One of the projects of Superversive Press is Astounding Frontiers, a science fiction periodical. I have issue #1 which was published in July. My author friend Declan Finn has a story in the issue, and I thought it was epic. There were also stories by Patrick S. Baker, Lou Antonelli, Erin Lale, Sarah Salviander, John C. Wright, Ben Wheeler, Nick Cole and Jason Anspach.
I also have the anthology Forbidden Thoughts, which has this on the back cover: “You are not allowed to read this book. Don’t even think about reading this book. In fact, just forget about thinking all together.” So of course I had to read it.
And then there is “For Steam and Country” by Jon del Arroz, which is a steampunk novel about a girl who inherits her dad’s military airship in a time of war…. I haven’t finished it as I keep getting distracted, but I really liked the first third of the book.
It seems that most of my friends in the Conservative-Libertarian Fiction Alliance are involved in Superversive Press. I hope the effort succeeds because so far I love Superversive Press’s books. I hope readers will give some of these books a chance.
Superversive SF: Science Fiction for a more civilized age
What is Superversive Press?
Would you please do me a big favor? My Facebook author page is Nissa Annakindt, poet, Aspie & cat person . I’m frustrated because I haven’t had new ‘likes’ in a while and my posts don’t have much ‘reach.’ So if you and a couple other people could ‘like’ my page and ‘like’ three posts on the page— at least I can see if that will help. Thank you so much!
There are two kinds of aspiring writers in our age— book-oriented ones who get much of their fiction through books, and TV-oriented writers who get much, most or all of their fiction through television and movies.
Since television and books are different art forms, you can guess that the more book-oriented a writer is the better he is able to produce good books of his own. But with television ever-present in American homes and beyond- with DVD players in vans so little tots don’t have to do without entertainment on the ride to the grocery store, and televisions even intruding into family restaurants— we can understand how some folks can be TV-oriented.
I was almost wholly TV-oriented myself. My mother wrote in my baby book that they sat me up in front of the TV to watch Captain Kangaroo at six months. They thought I was a TV-watching prodigy or something. And as I grew older the first fiction that really inspired me to make up stories of my own was the original Star Trek.
But I was lucky enough to be born into a book-loving home. Neither of my parents went to college— in their day it was rare for people of their lower-income background to have that chance. I always remember my father having a collection of ‘serious’ non-fiction books– about the lives of recent presidents and statesmen, about wars, a set of books by Winston Churchill. My mother had some popular novels like Gone With the Wind and The Silver Chalice, and some sets of mystery short stories.
When I was a baby my mother bought a 12 volume set of children’s books for me called ‘My Book House.’ The first volume had nursery rhymes from around the world. The second had simpler fairy tales, and the next had more complex ones. The last volume was advanced enough that it had chapters from ‘The Mill on the Floss’ in it. When I was about nine I decided that the numbers on the books indicated the age of child who was allowed to read it. So I didn’t read the last few books as often, since by then I was finding reading material on my own.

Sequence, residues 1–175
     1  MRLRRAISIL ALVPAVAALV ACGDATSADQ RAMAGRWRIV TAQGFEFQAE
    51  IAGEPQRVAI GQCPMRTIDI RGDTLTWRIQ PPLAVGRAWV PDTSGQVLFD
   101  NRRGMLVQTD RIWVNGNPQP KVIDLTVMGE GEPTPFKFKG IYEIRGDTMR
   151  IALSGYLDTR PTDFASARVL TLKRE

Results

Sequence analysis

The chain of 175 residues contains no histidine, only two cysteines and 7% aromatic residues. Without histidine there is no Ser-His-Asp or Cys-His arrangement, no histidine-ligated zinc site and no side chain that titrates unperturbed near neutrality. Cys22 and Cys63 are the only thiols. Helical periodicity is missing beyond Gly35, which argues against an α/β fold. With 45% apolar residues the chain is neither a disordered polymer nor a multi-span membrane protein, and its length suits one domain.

I got the idea to want to be a writer from reading ‘Little Women.’ I don’t know that I liked writing, or the character Jo from the book who wrote, all that much. I just was afraid if I cultivated my musical talent like Beth, I’d die young.
But, more so in these days, there are a lot of people who are keen on TV shows and want to tell TV inspired stories. That’s where the impulse to write TV-based fanfiction comes from. And there are a lot of fans of The Hunger Games and Harry Potter that experienced the movies first, and may or may not have read the book series. If you are from a TV-oriented family where no one owns books or reads them, it may not occur to you that the books can be deeper and richer than any movie could be.
The answer, if you are a TV-oriented aspiring writer, is to find books you like and read them. Novelizations of movies and TV shows count, at first. As a kid, when in about fourth grade I saw another kid reading the Star Trek book illustrating this blog post— Star Trek 3 by James Blish. I nagged my parents into buying me the other books in that series, and later used my allowance to buy others in that eventual 13 book series. Later, after the movie Star Trek 2 came out, original Star Trek novels started being published by Pocket books and I regularly bought them. I now have a nearly-full bookshelf of them— though some very recent Star Trek novels I bought were so very bad, riddled with political correctness, that I don’t think I need to be buying any more. Imagine a character in the middle of action worrying about which pronoun she should use when thinking about a gender-neutral alien species. People that dumb wouldn’t survive long in a hostile situation.
Of course an aspiring writer, even of genre fiction, will want to read a variety of books, including some that are rated ‘good literature.’ Don’t be afraid of trying books like that. Some of them are even better than Star Trek 3.